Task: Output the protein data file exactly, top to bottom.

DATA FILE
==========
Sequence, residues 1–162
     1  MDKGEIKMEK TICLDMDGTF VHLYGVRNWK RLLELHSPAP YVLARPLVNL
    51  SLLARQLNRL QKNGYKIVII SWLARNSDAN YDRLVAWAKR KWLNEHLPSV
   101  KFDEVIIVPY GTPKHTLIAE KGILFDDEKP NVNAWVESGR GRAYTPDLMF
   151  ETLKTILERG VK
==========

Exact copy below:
Sequence, residues 1–162
     1  MDKGEIKMEK TICLDMDGTF VHLYGVRNWK RLLELHSPAP YVLARPLVNL
    51  SLLARQLNRL QKNGYKIVII SWLARNSDAN YDRLVAWAKR KWLNEHLPSV
   101  KFDEVIIVPY GTPKHTLIAE KGILFDDEKP NVNAWVESGR GRAYTPDLMF
   151  ETLKTILERG VK